But the cultural upheaval goes far beyond that, stoked by state-subsidised media that have abandoned their traditional purpose of seeking to reflect the society they purport to serve, and which instead bombard the public with indoctrination promoting the interests of attention-seeking minority groups.


The result is a society more feverishly divided than at any time in living memory – a phenomenon exemplified by February’s protest camp on the lawns of Parliament, which exposed deep sociological fault lines and ended in a violent showdown with the police.


This sense of polarisation is magnified by an authoritarian intolerance of dissent and by Stalinist-style denunciations of anyone bold or foolish enough to speak out against prevailing ideological orthodoxy.


Meanwhile, Ardern floats above it all. She’s a shrewd enough politician to have remained largely aloof from the rancour her government has generated, and who avoids entanglement in any unpleasantness that might detract from her carefully crafted image as an empathetic politician. But she cannot disown responsibility for presiding over a government that is promoting the politics of division and destabilising what was previously an admirably cohesive and harmonious society.



Karl du Fresne, a freelance journalist, is the former editor of The Dominion newspaper. He blogs at karldufresne.blogspot.co.nz.

7,083 views76 comments

76 Comments


This article and these comments are well put together. Can I ask everybody, what do you think of Simon O’Connor, national MP? As potential

leader for national. I have seen him speak - on free speech. Certainly didn’t translate as Luke warm but I don’t know enough about him.

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lynnsam112
lynnsam112
May 31, 2022
Replying to

lets face it we need someone who is NOT afraid to call a spade a spade......don't think Luxon is up to that, too corporate and doesn't like making waves.....

Time will tell with Simon O'Connor....

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Richard Seager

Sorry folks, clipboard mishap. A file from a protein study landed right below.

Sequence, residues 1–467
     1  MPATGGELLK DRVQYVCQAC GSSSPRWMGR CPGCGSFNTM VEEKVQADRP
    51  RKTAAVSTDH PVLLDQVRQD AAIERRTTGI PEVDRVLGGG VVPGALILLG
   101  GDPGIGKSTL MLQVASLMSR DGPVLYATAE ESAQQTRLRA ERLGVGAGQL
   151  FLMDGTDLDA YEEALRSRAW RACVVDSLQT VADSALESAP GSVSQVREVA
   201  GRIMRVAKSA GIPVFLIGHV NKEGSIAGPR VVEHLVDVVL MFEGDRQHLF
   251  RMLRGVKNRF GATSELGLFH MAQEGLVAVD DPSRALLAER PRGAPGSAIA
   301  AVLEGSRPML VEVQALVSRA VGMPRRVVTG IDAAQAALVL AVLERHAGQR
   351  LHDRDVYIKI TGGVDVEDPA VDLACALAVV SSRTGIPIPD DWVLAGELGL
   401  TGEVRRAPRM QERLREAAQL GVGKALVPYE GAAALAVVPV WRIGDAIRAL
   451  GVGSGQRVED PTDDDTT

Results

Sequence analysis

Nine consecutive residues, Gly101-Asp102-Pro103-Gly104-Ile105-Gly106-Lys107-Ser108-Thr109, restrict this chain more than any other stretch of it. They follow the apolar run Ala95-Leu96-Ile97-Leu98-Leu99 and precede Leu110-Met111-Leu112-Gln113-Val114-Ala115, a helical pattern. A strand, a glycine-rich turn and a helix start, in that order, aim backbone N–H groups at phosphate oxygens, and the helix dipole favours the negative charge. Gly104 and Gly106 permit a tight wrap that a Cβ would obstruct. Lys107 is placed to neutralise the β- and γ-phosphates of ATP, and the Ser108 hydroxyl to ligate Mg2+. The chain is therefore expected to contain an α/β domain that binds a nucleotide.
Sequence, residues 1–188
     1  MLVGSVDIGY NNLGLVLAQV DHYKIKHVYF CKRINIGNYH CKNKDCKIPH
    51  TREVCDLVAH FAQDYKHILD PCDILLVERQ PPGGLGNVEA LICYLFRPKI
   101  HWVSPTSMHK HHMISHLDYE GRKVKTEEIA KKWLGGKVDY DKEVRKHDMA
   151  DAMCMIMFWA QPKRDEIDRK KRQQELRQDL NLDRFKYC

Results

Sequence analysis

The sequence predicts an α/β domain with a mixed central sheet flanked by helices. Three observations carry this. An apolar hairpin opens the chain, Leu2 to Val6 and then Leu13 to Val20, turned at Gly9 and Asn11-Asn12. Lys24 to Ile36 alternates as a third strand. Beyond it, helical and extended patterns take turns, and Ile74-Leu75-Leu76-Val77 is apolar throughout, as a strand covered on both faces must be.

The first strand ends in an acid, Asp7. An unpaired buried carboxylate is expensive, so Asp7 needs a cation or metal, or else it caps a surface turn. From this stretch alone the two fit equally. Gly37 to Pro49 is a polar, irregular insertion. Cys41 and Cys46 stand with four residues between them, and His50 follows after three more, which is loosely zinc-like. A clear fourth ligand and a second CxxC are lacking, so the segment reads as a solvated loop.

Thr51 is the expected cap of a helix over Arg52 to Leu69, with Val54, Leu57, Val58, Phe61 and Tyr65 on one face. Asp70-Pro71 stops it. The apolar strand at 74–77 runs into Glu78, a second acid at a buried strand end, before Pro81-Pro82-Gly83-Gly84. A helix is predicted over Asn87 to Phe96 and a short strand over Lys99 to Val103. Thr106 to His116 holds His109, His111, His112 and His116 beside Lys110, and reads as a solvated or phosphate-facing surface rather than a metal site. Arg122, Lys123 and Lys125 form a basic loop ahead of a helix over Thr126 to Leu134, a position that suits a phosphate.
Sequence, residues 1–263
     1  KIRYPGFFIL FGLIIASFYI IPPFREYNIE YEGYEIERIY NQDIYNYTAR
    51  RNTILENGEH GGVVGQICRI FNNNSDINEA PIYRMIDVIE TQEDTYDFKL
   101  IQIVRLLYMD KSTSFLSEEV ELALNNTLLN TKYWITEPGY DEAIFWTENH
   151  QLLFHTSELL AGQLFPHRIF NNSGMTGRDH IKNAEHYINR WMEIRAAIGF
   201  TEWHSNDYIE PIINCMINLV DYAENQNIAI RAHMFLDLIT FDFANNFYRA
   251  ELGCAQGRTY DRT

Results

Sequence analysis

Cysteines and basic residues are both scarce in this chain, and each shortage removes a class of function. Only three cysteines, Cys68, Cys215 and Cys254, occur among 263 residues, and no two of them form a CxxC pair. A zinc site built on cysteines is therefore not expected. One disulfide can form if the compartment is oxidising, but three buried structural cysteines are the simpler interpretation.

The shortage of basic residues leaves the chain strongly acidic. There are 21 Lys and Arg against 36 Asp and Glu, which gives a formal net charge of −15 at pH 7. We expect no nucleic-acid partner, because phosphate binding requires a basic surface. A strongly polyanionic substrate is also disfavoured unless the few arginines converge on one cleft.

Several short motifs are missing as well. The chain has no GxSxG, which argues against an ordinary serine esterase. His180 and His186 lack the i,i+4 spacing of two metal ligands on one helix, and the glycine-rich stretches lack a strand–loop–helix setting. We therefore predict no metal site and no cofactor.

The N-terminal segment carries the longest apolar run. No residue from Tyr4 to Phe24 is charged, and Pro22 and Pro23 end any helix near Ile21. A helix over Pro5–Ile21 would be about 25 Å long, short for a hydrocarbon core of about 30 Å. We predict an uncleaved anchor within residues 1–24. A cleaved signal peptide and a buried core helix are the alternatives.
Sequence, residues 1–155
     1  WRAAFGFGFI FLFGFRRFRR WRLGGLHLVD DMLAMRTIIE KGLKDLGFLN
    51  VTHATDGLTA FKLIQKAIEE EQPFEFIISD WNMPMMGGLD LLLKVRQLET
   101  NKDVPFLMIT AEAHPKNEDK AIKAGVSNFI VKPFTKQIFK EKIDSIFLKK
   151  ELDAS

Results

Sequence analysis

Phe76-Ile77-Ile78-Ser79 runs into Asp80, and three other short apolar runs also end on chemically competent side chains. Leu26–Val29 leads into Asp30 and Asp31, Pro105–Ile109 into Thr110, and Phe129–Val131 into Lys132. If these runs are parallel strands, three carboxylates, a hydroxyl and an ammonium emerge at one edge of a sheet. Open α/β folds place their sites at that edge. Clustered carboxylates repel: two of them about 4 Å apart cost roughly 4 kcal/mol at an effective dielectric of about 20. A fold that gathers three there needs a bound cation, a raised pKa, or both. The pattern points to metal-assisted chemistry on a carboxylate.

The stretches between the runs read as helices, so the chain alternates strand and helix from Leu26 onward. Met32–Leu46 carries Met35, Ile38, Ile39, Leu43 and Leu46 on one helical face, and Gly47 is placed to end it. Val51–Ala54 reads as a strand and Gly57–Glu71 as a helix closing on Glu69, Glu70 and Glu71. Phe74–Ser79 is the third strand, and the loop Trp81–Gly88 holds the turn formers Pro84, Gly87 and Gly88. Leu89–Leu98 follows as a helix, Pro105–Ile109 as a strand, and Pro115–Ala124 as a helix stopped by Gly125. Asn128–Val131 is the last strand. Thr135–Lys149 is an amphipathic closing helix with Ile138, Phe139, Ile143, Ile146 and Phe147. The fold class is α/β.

Richard Seager
May 29, 2022

Just back from Australia. On days 1 & 6 you're required (I havn't looked to see if you're legally required) to report in the results of your Antigen test (RAT).


On hold for several minutes you're treated to a recording asking if you want to speak to a Maori operator. Not a Maori speaking operator, you're asked if you want to speak to a Maori operator. Seems a tad racist.


BTW here's my experience of the return trip (I tested positive at Melbourne Airport the week before so had to isolate for 7 days);


https://plebeianresistance.substack.com/p/australia-to-new-zealand?s=w


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Lesley
Lesley
Aug 06, 2022
Replying to

Better than being greeted by a Māori speaking operator asking if you want to speak to an English operator?. Read your adventure in Melbourne and all I can say is you place too much faith in what you read in the news stories. At least you got home safe and well.

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Great article Karl but just to start as far as I am concerned New Zealand is our country with North Island and South Island the two big chunks and a few nice extra bits with well recognised names. However ,yes I agree with you and the commentators. I am personally deeply distressed by the state of our country. It is not the place I was born and grew up in and always loved. Now I feel like a stranger here with nowhere to go although I am historically part Pacifica .The PM and her hopeless Govt are destroying NZ and I do wish that Luxon and his team would start thumping a few tables and making their views widely known…

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Thank you Karl, Don, Michael, Rodney, Richard and all the other writers of the excellent articles that are spelling out the cultural and democratic downward spiral of our beautiful land. George Orwell's Animal Farm comes to mind as these incompetent graft and nepotistic so called country leaders polarise and destroy a nation . I am so angry and disappointed at what is happening in my country of birth. I was preparing to relocate home to NZ 2 years ago from South Africa. As a retiring person, I can no longer consider this - it would be a move of "out of the frying pan and into the fires of hell".

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Replying to

Hopefully the TV 1 and Curia polls may lift your spirits.

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Octavian Augustus
Octavian Augustus
May 29, 2022

"It’s a measure of the country’s anxiety – or should that be desperation? – that voters now seem prepared to put their faith in a politician who has never publicly expressed an original thought and whose vision doesn’t seem to extend beyond lowering taxes."


Luxon and the party he leads do not get sufficient "credit" for the role they are playing here. They are asleep at the wheel. In our system, the counterpart of any government is an effective, critical and combative opposition. We have no such opposition, which, particularly in the face of rampant ideologues, is an absolute necessity.


On the basis of the "fighting fire with fire" principle, only a group of politically diametrically opposed ideologues can have…


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Replying to

Beautiful

As I’ve said before, time to ditch the status-quo with Labour/National.

We have, and are continuing to down a dirty path of no return. Time to give ACT a shot.